The Field Sparrow is a common songbird of eastern North America, breeding in brushy pastures and second-growth scrub, but avoiding similar habitat in developed areas, such as suburbs. Its breeding range covers much of the eastern United States and southern Canada. Winter range is slightly south of the breeding range and greatly overlaps it. Wintering habitat appears similar to breeding, but is not well studied. A partial migrant, some individuals remain on or near their breeding grounds in winter while others move farther south. This sparrow is well recognized for its distinctive song of pure tones, heard throughout the summer – an accelerating series of soft, sweet whistles that start with long duration tones and increase in rate to a trill. Both sexes are alike in plumage, rusty brown on the back and crown with white to light gray unstreaked breasts. Its pinkish bill and legs are considered distinctive. Typically males are slightly larger than females.
The nests of this species, composed almost exclusively of grasses, are located near the ground in early spring, typically at or near the base of woody vegetation. Later nests are built in small saplings and shrubs (usually < 1 m high) as ground cover increases in height. Pairs renest rapidly following predation or desertion. Only females incubate eggs, but both sexes share roughly equally in the feeding of young. On average ~40% of nests fledge young, and double brooding is common. While adults are faithful to breeding sites (~50% return in the following year), young rarely return to their natal area. Although by no means threatened, the Field Sparrow appears to be declining in numbers, most likely due to changes in their breeding habitat as shrubby old fields succeed to forest or are cleared for agriculture or suburban growth.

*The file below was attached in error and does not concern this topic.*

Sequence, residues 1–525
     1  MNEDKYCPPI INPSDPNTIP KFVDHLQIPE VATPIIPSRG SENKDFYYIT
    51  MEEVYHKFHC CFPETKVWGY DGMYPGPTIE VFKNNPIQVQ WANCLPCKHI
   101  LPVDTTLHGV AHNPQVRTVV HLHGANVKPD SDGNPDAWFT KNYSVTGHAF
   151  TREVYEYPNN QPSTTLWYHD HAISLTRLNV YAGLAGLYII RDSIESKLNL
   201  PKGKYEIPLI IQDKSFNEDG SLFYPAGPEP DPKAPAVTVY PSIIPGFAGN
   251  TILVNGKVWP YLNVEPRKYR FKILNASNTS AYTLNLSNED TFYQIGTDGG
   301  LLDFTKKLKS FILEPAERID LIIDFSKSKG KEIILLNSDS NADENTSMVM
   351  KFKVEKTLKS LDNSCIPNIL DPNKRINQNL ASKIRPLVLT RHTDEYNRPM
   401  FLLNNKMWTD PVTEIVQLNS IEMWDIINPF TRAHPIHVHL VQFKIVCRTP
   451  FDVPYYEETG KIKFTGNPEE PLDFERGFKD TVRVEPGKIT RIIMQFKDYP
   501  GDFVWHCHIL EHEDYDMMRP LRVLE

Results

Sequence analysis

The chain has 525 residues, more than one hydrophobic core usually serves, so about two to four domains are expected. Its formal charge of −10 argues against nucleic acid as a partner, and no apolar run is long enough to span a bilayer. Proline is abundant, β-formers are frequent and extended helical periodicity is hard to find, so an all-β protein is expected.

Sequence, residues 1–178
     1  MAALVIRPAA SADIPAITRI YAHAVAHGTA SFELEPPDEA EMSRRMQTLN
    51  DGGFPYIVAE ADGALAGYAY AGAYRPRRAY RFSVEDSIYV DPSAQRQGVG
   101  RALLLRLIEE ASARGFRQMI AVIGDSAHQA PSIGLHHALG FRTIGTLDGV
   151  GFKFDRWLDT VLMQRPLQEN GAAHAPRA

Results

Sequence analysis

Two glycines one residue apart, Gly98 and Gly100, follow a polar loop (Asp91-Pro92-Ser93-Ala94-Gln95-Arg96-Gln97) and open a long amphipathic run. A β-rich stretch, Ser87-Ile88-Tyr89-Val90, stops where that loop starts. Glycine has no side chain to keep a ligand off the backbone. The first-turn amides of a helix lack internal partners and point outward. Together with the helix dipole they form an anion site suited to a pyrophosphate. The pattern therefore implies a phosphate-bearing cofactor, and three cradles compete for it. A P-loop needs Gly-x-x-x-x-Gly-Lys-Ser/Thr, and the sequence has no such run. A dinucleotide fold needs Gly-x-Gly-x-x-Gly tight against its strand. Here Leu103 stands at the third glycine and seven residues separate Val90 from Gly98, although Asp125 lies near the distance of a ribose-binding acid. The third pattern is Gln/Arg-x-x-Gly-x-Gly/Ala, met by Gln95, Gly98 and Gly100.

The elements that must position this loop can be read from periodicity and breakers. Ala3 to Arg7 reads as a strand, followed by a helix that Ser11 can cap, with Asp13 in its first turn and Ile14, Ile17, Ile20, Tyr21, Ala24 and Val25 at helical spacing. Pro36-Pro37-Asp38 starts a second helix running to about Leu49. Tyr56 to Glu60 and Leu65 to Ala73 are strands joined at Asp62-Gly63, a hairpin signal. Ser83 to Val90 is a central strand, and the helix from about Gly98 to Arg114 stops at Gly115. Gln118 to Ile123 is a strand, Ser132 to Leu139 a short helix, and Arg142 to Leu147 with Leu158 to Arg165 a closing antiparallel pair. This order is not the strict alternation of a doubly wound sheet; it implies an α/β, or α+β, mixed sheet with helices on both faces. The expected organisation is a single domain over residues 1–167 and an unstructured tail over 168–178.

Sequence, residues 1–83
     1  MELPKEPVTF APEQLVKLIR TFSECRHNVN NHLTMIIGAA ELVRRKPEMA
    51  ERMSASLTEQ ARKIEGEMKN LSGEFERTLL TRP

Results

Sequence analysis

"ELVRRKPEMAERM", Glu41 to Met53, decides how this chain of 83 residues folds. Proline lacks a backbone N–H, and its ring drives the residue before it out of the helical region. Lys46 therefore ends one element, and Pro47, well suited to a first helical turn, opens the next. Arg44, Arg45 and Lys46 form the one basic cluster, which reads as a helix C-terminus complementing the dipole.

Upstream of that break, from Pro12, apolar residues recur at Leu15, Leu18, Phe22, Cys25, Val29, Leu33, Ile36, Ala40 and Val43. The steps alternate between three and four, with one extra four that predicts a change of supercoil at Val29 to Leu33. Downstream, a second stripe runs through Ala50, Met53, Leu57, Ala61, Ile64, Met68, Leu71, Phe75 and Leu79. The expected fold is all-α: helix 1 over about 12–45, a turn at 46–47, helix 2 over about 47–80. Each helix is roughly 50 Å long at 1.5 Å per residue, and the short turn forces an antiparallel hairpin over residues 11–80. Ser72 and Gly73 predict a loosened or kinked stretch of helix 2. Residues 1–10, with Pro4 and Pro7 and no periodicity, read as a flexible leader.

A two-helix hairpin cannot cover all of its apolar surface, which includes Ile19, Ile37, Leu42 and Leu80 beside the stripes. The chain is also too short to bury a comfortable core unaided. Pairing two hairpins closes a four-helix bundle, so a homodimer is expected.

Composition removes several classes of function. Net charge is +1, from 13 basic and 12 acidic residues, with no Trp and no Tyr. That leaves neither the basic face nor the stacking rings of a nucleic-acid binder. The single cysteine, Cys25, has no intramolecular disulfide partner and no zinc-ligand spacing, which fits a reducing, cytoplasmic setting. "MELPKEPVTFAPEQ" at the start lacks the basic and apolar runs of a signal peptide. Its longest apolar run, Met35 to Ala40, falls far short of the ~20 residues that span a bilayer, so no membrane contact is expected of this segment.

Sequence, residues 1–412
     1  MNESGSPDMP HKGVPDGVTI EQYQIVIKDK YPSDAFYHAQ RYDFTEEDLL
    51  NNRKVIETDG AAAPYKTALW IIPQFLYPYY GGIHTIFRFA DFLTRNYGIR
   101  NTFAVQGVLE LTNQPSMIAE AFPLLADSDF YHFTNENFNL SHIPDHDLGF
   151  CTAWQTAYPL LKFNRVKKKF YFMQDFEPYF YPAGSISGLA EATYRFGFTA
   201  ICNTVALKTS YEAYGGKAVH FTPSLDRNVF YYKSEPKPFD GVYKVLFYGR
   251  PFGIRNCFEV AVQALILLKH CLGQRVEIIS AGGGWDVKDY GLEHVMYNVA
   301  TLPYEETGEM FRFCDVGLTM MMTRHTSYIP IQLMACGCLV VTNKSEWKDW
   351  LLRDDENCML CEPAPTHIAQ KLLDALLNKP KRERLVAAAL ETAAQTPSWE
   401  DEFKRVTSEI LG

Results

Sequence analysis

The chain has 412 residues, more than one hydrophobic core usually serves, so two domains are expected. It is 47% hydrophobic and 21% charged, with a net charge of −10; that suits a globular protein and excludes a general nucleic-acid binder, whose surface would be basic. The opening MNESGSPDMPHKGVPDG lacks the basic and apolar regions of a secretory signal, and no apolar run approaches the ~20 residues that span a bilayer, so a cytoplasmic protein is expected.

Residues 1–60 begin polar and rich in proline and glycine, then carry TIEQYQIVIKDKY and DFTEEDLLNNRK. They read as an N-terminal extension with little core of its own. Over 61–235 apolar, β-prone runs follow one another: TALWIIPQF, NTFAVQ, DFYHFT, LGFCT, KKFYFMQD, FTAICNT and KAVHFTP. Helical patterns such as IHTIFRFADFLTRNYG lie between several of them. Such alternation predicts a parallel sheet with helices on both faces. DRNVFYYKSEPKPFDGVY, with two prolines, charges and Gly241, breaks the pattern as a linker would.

The species was the subject of a long-term breeding study: 1938 through 1948 in Calhoun County, Michigan (Walkinshaw 1978a), with less focused studies covering the period from 1919–1968 (Walkinshaw 1936, Walkinshaw 1939c, Walkinshaw 1945, Walkinshaw 1978a). A short term in-depth study of breeding biology was carried out in Platt County, Illinois from 1971–1972 by Best (Best 1974c, Best 1974a, Best 1974b, Best 1977b, Best 1977d, Best 1977c, Best 1978, Best 1979). More recently, Burhans, Thompson, and colleagues have closely studied the impacts of predators and the Brown-headed Cowbird (Molothrus ater) on the species, primarily focusing their work in central Missouri (Burhans 1997, Burhans 2000a, Burhans 2001b, Burhans and Thompson III 2006, Burhans et al. 2000, Burhans et al. 2001, Burhans et al. 2002, Strausberger and Burhans 2001, Thompson III and Burhans 2003). Structure and function of the song was the subject of a series of studies carried out by Nelson and colleagues (Nelson 1988a, Nelson 1989b, Nelson 1989c, Nelson 1992b, Nelson and Croner 1991). MC has carried out a long-term breeding study covering the years 1987 through 2006 (and still ongoing) in Lackawanna County, Pennsylvania (see Carey [Carey 1990]). This study remains largely unpublished, but all references to MC in this account refer to data from that study.